An island of your own: Why it's best to visit Cyprus in spring

It was my wife's idea to go to Cyprus to catch some early spring sunshine. I was not enthusiastic. Would the weather be OK? Was there much to see? Wasn't the place overrun with Brits? And hadn't the coast been ruined? On three out of four of these I was proved spectacularly wrong. The sun was warm, the hills green and, by avoiding the towns, we hardly saw another Brit. I was right about the coast, in part at least. In the official Republic of Cyprus, occupying the southern part of the island (the top third is under the control of the Turkish Republic of Northern Cyprus), some shores are blighted by building work. Yet there are charming places. Governor's Beach near Limassol on the south coast, for instance, where you find soft chalk cliffs like meringue. And when you have had enough of the sea, you can head for the hills.

We left freezing London on the last day of February, and arrived late in the afternoon. The sun was already preparing a spectacular evening show as we sped down the motorway from the main airport at Larnaca to the house we had rented in the village of Khirokitia, 40km away in the foothills of the Troodhos mountains.

Previously, we had been (too) familiar with the scorched earth that characterises so much of the southern Mediterranean in high summer. Instead, there were mimosa trees bursting into bloom and verges covered in banks of yellow daisies.

Khirokitia is the site of the earliest neolithic settlement on the island, occupied from 6000BC. It lies at the foot of a fertile valley carpeted with wild irises and dominated by a hill. It was also carpeted, we found, with shotgun cartridges – hunting is a passion – but, amazingly, still full of birdsong. Twice we walked the length of the valley, past clumps of wild anemones, overtaking a shepherd and his flock, unsure whether to deplore the local appetite for blood sports or celebrate the locals' lousy aim. Our house in the old part of the village had a lovely arched high-ceilinged room that opened onto a courtyard with a pool and an almond tree, and a view from the tiny balcony to the orange groves below.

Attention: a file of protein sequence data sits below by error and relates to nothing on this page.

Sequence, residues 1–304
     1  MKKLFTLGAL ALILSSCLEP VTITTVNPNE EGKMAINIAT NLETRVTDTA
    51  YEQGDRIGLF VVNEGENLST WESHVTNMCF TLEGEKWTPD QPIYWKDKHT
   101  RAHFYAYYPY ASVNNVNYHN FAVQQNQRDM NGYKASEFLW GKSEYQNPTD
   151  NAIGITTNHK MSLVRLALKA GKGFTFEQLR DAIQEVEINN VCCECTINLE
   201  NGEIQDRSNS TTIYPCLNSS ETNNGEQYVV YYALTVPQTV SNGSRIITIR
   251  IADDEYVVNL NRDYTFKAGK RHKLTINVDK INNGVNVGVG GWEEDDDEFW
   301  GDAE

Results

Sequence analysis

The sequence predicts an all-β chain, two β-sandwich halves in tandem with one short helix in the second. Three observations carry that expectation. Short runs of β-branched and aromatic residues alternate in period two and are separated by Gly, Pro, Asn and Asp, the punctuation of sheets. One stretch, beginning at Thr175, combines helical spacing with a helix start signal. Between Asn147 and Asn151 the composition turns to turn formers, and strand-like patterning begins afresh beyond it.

On our first morning we sat in T-shirts and shorts eating the fragrant fruit on the terrace – and 90 minutes later were walking through ankle-deep snow around Mount Olympus, the highest peak in the Troodhos at 2,000m. Trudging on one of the marked trails between 500-year-old pine trees, we did not see a soul. The Troodhos have become busy in summer as refugees from the coast seek relief in the cool mountains. In spring, however, we had them virtually to ourselves.

The hidden glory of the Troodhos is the painted churches no bigger than a barn. One morning we drove for half an hour to Louvaras, a traditional mountain village, and found the key-keeper – a short, smiling man who spoke no English – next door to the chapel of Ayios Mamas.

The sun was blazing as he unlocked the door to give us a private view of the exquisite 15th-century frescos, covering every inch of the interior, their colours glowing in the gloom. Our brief encounter with the charming key-keeper – he named all the saints for us – added to the sense of personal discovery. We returned to Vavla, a pretty village next to Khirokitia. It was our favourite place for walking: unspoilt, remote, and peppered with olive trees. You can walk anywhere in Cyprus. Just pick a track and head into the country. It is easy to find glorious scenery, especially in spring.

Despite its troubled colonial past, and continuing unease with the Turkish north, we were met with nothing but kindness. Restaurants needed no booking, roads were free of traffic, and we never saw a crowd. We ordered the meze in a tiny place in Agios Theodorus and counted 25 dishes including stuffed pepper with cream cheese, ribs, succulent souvlaki and a baked apple tart – at about €1 per dish. Three other tables filled up with locals and all chose the same menu. As we ambled through the deserted village streets afterwards, inhaling the wood smoke, we felt we had arrived.

Travel essentials: Cyprus

Getting there

* Larnaca is served by British Airways (0844 493 0787; ) from Heathrow; Cyprus Airways (020 8359 1333; ) from Heathrow and Manchester; easyJet (0905 821 0905; ) from Gatwick; Monarch Airlines (08719 405040; ) from Gatwick, Birmingham and Manchester; and Eurocypria Airlines (00 357 24 658 003; ) from Gatwick and Luton.

Staying there

* The House of Achilles, Khirokitia Village, Larnaca (07909 538844; ). The listed 19th-century stone building has three double en-suite bedrooms but it can be rented as two separate houses sleeping four each. Rental of the whole house starts at €550 per week.

More information

* Cyprus Tourist Office: 020 7569 8800;

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